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Like Dr. Ibrahim Obeidallah before him, Dutch physician Dr. Jan Vanderhaven is one of the most important figures in the study of the undead.

In 1913, Dr. Vanderhaven arrived in Paramaribo, having been called to study a mysterious outbreak now recognized as a zombie infestation. Initially, the outbreak was believed to have been a form of leprosy, a specialty of Dr. Vanderhaven's. While he immediately ruled out leprosy as the cause of infection, Dr. Vanderhaven never realized the true nature of the outbreak, as he was never allowed to conduct a proper autopsy. However, Dr. Vanderhaven would go on to rediscover many of Dr. Obeidallah's findings in addition to new ones that furthered the modern understanding of the undead. At one point, a hospital orderly threw a live rat to a zombie, which was promptly devoured. From this, Dr. Vanderhaven was able to deduce that zombies were compelled to devour all forms of living flesh. Additionally, by conducting various experiments, Dr. Vanderhaven was the first to determine that the zombies were created by a virus, or "contagious living fluid" as they were called at the time. Finally, Dr. Vanderhaven proposed the name "Solanum" for the virus, though he did not provide any reasoning for this title. The term has since been adopted as the virus' official scientific name.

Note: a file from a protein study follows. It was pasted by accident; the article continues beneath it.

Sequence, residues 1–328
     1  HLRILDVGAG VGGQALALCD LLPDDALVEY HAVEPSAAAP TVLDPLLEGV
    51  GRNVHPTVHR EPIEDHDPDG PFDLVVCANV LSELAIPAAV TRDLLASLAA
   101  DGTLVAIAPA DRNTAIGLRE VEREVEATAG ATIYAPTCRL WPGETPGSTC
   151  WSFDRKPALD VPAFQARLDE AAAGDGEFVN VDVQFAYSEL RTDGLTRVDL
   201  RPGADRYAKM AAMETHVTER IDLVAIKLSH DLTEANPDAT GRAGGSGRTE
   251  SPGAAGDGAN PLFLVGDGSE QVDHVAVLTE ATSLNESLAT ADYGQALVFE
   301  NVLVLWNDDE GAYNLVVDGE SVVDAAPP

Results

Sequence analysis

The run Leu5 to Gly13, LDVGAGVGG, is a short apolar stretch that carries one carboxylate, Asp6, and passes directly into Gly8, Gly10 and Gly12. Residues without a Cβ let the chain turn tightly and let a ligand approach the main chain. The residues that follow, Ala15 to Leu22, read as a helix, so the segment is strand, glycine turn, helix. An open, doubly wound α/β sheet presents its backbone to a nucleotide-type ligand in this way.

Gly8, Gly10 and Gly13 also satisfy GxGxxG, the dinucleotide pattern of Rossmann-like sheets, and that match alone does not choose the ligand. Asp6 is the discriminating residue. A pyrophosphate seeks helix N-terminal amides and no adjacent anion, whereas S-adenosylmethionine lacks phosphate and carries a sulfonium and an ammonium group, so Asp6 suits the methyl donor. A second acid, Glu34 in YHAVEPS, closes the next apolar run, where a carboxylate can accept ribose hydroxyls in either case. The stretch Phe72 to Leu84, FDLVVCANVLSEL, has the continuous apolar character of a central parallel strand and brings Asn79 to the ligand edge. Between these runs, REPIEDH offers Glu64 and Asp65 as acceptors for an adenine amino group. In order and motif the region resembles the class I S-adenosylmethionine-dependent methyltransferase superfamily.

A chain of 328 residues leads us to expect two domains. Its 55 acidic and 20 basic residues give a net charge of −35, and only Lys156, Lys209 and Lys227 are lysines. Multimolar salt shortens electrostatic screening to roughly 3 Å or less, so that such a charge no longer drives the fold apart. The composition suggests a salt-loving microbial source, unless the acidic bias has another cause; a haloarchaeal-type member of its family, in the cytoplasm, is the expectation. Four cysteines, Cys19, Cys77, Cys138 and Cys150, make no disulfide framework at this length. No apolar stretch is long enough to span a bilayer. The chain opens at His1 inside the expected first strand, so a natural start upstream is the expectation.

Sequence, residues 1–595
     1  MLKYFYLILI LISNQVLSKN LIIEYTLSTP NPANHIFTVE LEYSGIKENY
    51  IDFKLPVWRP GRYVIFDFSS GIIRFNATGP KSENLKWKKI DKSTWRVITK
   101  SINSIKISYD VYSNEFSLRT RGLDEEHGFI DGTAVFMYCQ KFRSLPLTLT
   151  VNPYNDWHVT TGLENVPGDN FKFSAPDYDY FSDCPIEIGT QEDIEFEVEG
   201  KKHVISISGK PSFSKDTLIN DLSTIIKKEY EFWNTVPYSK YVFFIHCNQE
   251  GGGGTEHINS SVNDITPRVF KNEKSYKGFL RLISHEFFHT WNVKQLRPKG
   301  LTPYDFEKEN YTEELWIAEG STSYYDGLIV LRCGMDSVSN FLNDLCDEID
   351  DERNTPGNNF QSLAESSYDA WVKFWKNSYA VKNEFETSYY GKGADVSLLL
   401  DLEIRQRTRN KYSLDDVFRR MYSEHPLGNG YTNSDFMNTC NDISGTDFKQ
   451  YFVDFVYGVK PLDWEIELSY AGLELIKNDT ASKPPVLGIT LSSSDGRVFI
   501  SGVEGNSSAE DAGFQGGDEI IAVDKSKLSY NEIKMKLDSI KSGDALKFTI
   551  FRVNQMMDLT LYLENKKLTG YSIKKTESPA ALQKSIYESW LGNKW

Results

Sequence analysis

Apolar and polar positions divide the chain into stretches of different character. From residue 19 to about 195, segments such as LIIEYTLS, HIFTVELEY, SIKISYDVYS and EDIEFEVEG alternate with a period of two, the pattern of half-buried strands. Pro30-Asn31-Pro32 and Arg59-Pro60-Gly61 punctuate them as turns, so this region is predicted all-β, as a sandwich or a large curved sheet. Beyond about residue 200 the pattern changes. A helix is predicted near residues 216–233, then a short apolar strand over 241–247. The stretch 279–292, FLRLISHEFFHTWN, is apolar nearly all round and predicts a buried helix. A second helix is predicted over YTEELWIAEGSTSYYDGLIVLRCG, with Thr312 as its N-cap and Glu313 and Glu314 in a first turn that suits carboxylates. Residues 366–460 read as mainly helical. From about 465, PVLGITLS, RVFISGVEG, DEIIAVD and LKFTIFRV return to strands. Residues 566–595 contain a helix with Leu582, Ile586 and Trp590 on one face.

Following the conclusion of his study, Dr. Vanderhaven returned to Holland in 1914 to write a 200 page report on his findings. Unlike Dr. Obeidallah, Dr. Vanderhaven's report was not rejected by the scientific community and was officially published. However, with the onset of World War I the same year, Dr. Vanderhaven's work was quickly forgotten. A copy of his work would later be utilized by the Imperial Japanese military in 1942 before disappearing from public knowledge once again. Despite being mostly forgotten until the 21st century, Dr. Vanderhaven's report is now considered to be the basis for all modern knowledge of Solanum.